Suitable biological methods for the estimation of human chorionic gonadotrophin (hcg) in body fluids include those involving ovarian hyperaemia and prostatic weight in rats. Immunological assays depending on haemagglutination-inhibition and complementfixation tests lack specificity and cannot be recommended for the quantitative determination of the hormone.
In normal pregnancy hcg levels are high in the first trimester and much lower in the second and third trimesters. hcg activity appears in urine shortly after conception and disappears rapidly following delivery.
In patients with hydatidiform mole hcg levels in body fluids are generally but not invariably well above the normal range. Following surgical treatment of mole and of trophoblastic tumours of the uterus hcg assays may be a valuable guide to prognosis.
hcg readings in blood and urine are often abnormally high in women with severe pre-eclamptic toxaemia. In mild and moderate toxaemia levels are generally within the normal range.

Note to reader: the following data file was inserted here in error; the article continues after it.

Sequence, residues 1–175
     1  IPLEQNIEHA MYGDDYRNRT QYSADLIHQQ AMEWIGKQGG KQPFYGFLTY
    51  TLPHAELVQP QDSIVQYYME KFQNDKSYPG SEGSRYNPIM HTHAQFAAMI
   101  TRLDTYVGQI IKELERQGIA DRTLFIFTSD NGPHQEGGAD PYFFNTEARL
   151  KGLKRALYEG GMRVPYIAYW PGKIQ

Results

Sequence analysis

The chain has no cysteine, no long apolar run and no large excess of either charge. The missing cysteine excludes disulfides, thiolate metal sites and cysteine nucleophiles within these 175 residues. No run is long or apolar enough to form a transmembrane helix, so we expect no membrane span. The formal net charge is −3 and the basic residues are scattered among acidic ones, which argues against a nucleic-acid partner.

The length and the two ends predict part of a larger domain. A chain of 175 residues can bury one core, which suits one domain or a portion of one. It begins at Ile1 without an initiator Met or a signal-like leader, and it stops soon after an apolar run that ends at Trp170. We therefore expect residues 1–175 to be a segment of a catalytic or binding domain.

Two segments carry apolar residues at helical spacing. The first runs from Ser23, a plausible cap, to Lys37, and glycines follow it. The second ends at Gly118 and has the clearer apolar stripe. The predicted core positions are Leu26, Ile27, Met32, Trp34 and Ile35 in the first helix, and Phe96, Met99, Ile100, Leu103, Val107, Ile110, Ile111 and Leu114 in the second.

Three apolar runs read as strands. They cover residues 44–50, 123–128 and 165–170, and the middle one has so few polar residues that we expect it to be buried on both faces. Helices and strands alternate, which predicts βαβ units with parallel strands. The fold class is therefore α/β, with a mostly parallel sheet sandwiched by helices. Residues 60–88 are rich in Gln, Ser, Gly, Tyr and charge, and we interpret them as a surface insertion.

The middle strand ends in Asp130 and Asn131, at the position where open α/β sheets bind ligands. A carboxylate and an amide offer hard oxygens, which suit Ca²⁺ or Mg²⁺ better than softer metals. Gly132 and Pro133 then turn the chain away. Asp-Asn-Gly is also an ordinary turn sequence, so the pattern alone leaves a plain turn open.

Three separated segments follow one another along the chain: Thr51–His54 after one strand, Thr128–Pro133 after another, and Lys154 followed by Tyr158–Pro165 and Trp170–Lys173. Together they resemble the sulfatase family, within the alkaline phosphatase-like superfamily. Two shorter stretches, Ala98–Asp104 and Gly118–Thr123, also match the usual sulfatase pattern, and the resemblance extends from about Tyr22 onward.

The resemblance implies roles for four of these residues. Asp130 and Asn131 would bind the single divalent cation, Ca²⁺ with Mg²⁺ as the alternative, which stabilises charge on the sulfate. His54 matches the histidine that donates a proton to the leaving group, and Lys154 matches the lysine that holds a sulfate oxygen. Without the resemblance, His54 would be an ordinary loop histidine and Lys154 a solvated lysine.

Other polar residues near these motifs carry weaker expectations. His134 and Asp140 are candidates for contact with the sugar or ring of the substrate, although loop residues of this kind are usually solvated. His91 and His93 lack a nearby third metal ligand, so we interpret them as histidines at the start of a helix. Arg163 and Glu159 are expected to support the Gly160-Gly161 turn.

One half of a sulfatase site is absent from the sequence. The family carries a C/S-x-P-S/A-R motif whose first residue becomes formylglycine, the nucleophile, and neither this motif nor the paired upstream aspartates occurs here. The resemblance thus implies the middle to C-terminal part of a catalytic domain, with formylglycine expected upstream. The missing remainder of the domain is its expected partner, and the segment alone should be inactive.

Patients with hyperemesis gravidarum usually fail to show the peak period of hcg excretion in early pregnancy. hcg readings in such cases bear no definite relationship to the duration and severity of the vomiting.
In diabetic pregnancy and in threatened and habitual abortion assays of hcg are of little diagnostic or prognostic value. The administration of stilboestrol to pregnant diabetics causes a transient fall in hcg output.
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